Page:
Reviewed by Bert Dunkerly
In 1861, 14- year-old George Maguire recorded his thoughts as tumultuous events unfolded in his hometown of Baltimore, Maryland. Aware of the tension and excitement in the air, but perhaps not the harsh realities of what was coming, he records insightful observations of events in Baltimore and then in the field with the Union army. The youngster followed his brother-in-law into the military as a volunteer. George did not formally enlist, but accompanied the 5th Maryland on several campaigns and did various odd jobs and administrative tasks.
Editor Holly I. Powers has produced a work that captures the growth of this young man through his early teenage years during the war. The story is very humanizing as George often reflects upon his experiences in his writings and admits to his own innocence and youthfulness many times. Written years later as an adult, the memoirs have the advantage of hindsight. As an example of the young man’s experiences, he laments about losing his knapsack full of souvenirs and personal items, “things I wished to preserve.” We can almost sense his sadness and resolve to collect things again and keep better track of them.
George discusses political rivalries in Baltimore in 1861, a very divided city. He shares local views on Lincoln and the tense early days of the conflict when troops were organized, and the city was occupied. This provides a good overview of the uncertainty that people faced in a border region, when no one knew what would happen next. No major battles were fought in or near Baltimore but taking the pulse of its citizens provides an important window into the home front of an important border state.
George saw the horrors of war firsthand, and while it did not seem that he approached it with naivety, no doubt those experiences left an impression on him. He writes calmly of horrible wounds and dead men. After assisting the wounded in a field hospital at Antietam, he notes he was ready to go home.
The diary also provides insights into medical treatments during the war, both in a field hospital as well as an established general hospital far from the fighting. Maguire saw the use of ambulances and railroads to evacuate the wounded, part of an evolution in military medical care going on at the time.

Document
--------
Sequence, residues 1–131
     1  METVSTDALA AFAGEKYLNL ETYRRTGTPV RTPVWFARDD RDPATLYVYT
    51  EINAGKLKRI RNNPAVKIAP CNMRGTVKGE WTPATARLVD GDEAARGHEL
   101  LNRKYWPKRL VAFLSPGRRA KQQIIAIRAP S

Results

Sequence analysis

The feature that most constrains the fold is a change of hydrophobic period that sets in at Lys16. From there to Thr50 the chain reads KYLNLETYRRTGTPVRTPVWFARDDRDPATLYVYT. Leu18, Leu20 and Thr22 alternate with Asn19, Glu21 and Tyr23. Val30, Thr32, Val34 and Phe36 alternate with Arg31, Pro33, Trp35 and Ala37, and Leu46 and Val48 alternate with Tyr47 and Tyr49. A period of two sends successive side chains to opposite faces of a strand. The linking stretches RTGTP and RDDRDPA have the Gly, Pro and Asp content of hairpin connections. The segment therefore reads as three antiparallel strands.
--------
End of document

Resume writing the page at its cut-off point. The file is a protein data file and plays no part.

His diary provides insights into the experiences of all common soldiers as he recalls ravenous hunger, incredible thirst and physical exhaustion. He recounts the behind-the-scenes parts of the war: moving by rail or ship, marching through dust and mud, and the periods of waiting and inactivity. He is with the Union garrison of Harpers Ferry in the fall of 1862 and writes of the mundane duty of the garrison. Such work was tedious but important to the war effort. George served as a clerk, assisting with issuing passes, working with sutlers, and other administrative details.
Obviously not traumatized by his Antietam experience, George later worked at Hicks General Hospital in Baltimore. He provides a detailed description of the layout and operation of this large facility. He must have exceled in the work, as he soon made a Ward Master and was supervising six nurses, prescribing food, and making recommendations to doctors. Large hospital complexes such as this were an innovation brought on by the war’s scale. He had an inside view of a facility that was complex and well run, specifically designed for caring for the wounded, with trained medical staff and a bureaucracy to administer it.
George had an eye for detail and a gift for drawing, and the editor has included several of his sketches and maps throughout the book. His drawings include landscapes, camp scenes, bridges, maps, and hospital scenes. The work provides a glimpse into several unique topics: a young person’s view of the war, life in a border state, and medical services.